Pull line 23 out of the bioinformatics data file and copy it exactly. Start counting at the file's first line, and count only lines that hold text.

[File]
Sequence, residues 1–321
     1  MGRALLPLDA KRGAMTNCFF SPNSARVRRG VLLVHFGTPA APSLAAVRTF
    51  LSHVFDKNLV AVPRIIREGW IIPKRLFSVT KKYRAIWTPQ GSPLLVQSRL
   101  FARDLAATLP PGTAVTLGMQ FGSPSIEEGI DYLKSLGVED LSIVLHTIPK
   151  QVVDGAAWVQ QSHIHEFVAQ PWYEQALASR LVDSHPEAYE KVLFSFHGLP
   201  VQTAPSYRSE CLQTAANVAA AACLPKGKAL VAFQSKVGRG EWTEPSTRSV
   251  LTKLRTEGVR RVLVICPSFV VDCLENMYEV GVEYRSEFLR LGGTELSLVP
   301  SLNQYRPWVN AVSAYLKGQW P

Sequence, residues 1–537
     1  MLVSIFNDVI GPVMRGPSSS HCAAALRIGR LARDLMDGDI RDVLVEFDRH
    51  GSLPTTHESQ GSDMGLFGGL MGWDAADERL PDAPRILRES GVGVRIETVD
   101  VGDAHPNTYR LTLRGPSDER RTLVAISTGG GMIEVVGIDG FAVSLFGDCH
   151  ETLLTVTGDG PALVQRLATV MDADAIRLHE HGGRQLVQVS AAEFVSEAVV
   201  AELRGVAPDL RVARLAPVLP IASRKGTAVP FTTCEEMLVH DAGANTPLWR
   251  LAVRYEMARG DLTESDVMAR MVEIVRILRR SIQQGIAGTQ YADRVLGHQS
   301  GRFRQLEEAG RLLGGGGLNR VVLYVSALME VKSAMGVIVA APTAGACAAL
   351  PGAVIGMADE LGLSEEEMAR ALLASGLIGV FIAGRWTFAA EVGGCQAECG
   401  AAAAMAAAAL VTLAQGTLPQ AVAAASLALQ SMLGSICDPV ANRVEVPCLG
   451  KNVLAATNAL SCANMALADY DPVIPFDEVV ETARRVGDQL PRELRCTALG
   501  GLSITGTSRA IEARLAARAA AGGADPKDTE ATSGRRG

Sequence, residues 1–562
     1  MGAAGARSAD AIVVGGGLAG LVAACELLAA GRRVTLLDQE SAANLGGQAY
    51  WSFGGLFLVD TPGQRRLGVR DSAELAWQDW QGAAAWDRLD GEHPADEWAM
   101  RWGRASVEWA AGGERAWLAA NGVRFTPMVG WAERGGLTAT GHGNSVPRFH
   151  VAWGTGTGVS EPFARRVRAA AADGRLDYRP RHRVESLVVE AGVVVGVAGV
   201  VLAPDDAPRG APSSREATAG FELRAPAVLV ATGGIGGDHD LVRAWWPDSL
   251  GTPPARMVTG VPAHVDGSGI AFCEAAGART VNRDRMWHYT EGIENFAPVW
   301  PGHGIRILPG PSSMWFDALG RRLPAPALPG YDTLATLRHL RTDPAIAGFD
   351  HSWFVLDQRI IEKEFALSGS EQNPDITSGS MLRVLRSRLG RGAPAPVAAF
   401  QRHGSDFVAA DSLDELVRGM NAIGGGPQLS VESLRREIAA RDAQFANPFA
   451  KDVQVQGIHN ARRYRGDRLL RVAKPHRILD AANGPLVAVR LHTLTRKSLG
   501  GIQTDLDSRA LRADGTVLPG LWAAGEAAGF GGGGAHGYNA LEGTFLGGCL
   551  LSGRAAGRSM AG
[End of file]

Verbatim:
    51  WSFGGLFLVD TPGQRRLGVR DSAELAWQDW QGAAAWDRLD GEHPADEWAM